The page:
The power of choice: Why retailers must give customers the freedom to pic ‘n’ mix

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The Woolworths pic ‘n’ mix might no longer be a fixture of our high streets, but shoppers still overwhelmingly want choice, explains Vivid Brand managing director Gideon Karmiloff.

The last bag of Woolworths pic ‘n’ mix sold for £14,500 on ebay in 2009 – what made a bag of dusty cola bottles and hardened strawberry jellies quite so valuable? Not the contents themselves but the idea of the power of choice – the chance to choose exactly what went into the bag was one of the small freedoms you were given as a child.

We’ve always wanted choice and the desire for it has now rippled through to how we engage with brands, breeding a new demonstration of pro-sumerism.

Rather than simply consuming products, people are becoming the voices of that product, to the point of impacting on what kind of products are actually made, how they are purchased and later blogged/tweeted about to then influence purchasing behavior around the world.

Converse and Nike’s invitation to lay your personal design stamp on your trainers has been well documented, as has the open ‘pitch’ for your flavour to be the next Walkers crisp or KitKat Chunky. This is an acknowledgment from brands Converse and Nike’s invitation to lay your personal design stamp on your trainers has been well documented, as has the open ‘pitch’ for your flavour to be the next Walkers crisp or KitKat Chunky. This is an acknowledgment from brands that consumers are often more able to design ideal products that meet their needs better. And why not, considering we (the consumers) are the ones consuming the products.

Retailers are now behaving similarly by asking shoppers to determine how products should be marketed to them. Take Waitrose’s new initiative to ‘pick your own offers’ for instance, which allows shoppers to choose their top 10 favourite items to receive a 20 per cent discount until August.

Waitrose has clearly identified how important it is for it to build a relationship with its shoppers, one where the shopper feels understood and, crucially, listened to. Waitrose demonstrates an even greater level of insight with this initiative: while shoppers love the notion of choice, too much choice can be overwhelming. With an average of approximately 40,000 different items on offer in a supermarket, the average household purchases only 350 on a yearly basis. Why? It’s so overwhelming that shoppers retreat to habitual purchasing behavior and to the safety of familiar choices. Shoppers want choice, but not so much of it that it becomes a chore. They want to make easy, intuitive choices that are right for them.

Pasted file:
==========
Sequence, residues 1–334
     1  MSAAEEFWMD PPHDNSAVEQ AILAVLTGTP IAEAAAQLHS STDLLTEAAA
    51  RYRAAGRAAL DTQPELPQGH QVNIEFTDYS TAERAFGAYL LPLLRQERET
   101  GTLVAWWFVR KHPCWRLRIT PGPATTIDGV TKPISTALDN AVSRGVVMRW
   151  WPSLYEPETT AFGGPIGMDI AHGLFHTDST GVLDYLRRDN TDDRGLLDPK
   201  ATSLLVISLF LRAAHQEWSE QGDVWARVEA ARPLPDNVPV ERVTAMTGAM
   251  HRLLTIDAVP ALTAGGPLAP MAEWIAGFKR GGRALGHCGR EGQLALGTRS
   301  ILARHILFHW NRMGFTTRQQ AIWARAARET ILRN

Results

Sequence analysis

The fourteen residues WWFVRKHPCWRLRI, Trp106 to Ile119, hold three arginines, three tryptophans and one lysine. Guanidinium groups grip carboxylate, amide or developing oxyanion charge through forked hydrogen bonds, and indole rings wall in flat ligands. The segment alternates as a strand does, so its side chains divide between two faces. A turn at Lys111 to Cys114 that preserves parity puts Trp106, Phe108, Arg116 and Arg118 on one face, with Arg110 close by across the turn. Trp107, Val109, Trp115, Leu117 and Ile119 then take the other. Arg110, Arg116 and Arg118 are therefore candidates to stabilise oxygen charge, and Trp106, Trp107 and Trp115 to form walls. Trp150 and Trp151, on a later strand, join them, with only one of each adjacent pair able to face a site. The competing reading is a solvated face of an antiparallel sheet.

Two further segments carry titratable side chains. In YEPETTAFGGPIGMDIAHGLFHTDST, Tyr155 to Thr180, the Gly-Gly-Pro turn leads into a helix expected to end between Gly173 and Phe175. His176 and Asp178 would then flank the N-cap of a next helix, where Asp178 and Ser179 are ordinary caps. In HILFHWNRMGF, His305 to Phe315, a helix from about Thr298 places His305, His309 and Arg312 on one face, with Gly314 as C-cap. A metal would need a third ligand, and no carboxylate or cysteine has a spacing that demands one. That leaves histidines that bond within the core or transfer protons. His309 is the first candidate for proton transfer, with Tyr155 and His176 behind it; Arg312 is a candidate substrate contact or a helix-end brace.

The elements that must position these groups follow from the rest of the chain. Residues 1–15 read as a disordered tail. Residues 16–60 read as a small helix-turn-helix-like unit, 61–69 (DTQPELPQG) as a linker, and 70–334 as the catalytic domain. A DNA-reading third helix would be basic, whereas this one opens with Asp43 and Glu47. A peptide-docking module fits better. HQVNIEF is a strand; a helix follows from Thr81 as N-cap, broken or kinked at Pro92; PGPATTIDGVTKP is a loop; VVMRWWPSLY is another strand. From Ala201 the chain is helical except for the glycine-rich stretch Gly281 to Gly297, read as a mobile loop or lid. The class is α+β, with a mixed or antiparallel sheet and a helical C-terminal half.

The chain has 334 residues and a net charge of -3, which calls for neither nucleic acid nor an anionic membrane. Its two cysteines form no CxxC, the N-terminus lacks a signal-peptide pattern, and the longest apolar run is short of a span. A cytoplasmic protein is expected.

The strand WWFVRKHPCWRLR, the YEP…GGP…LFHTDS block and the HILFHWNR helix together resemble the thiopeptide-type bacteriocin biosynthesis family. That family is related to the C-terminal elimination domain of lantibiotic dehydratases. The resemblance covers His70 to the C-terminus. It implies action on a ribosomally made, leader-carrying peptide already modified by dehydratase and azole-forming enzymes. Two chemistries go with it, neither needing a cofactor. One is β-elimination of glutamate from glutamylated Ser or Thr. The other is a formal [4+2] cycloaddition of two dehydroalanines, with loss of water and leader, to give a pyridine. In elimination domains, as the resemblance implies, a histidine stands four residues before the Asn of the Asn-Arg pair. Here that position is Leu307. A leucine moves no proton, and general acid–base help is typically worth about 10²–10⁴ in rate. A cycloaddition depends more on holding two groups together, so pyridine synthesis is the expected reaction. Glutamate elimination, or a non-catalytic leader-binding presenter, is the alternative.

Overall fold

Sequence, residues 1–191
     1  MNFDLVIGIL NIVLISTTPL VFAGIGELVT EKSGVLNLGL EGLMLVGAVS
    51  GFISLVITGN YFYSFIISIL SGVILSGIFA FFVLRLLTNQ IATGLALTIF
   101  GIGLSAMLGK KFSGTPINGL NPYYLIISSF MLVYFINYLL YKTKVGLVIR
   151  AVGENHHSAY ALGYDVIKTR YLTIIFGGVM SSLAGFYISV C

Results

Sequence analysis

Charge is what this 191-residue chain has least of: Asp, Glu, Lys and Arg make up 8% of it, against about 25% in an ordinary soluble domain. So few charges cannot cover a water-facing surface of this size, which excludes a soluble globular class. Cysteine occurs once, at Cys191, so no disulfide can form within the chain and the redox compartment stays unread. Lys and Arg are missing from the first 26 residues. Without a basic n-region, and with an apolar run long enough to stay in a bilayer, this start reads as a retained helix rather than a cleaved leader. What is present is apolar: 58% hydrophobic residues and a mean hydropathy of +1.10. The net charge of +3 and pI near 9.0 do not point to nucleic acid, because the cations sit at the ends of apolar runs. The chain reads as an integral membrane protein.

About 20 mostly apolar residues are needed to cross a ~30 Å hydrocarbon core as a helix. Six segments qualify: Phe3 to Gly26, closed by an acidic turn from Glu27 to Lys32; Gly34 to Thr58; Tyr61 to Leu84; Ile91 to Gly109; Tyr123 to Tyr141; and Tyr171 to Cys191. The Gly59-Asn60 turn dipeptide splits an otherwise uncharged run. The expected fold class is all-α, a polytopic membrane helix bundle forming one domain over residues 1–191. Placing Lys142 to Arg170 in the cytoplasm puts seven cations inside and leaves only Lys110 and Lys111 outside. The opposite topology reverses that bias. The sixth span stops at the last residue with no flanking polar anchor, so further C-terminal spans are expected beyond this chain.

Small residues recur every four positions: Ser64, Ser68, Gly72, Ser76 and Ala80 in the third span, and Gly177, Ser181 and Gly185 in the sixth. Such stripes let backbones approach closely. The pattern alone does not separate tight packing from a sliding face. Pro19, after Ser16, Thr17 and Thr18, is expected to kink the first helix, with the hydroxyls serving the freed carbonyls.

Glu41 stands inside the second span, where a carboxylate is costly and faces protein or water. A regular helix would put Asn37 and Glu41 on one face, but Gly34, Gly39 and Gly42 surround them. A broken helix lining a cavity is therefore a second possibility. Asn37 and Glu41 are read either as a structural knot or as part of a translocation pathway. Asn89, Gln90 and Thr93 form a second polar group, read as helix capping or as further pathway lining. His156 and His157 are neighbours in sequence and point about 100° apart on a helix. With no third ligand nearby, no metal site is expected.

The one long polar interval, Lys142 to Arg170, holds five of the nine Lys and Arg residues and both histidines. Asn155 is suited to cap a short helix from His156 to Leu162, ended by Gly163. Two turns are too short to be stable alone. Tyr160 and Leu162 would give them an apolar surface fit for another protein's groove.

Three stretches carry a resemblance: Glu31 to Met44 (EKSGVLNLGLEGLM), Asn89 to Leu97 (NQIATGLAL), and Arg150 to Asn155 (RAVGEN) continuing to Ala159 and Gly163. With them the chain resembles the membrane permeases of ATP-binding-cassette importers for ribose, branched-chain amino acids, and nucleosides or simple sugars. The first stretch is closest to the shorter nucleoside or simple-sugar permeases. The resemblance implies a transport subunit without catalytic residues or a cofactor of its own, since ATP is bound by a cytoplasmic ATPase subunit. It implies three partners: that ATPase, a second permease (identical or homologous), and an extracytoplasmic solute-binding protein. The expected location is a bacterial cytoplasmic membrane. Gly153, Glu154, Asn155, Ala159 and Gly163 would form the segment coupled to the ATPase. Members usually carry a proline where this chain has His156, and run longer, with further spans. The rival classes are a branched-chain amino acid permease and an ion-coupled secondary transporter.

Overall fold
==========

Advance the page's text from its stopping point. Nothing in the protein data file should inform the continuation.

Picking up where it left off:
A good example of enabling this intuitive choice comes from the e-commerce retailer Ocado, which targeted us with an offer, from a leading dog food manufacturer, that we, and our beagle, couldn’t refuse.

Knowing that we buy a super premium competitor, this brand (and retailer) created an offer and communication that overcame three key barriers; price (half price), weight (free delivery), pain of switching foods (six months supply). In one action this brand has potentially ‘bought’ our loyalty for the next seven years by engendering a habit that we are unlikely to break.

By transferring the power onto the shopper and putting their personal choice first, retailers and brands are opening the door to a more democratic relationship that will prove, like our dog food choice, to be long lasting. Pic ‘n’ mix may have disappeared from our high streets but the power of personal choice endures.

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Gideon Karmiloff

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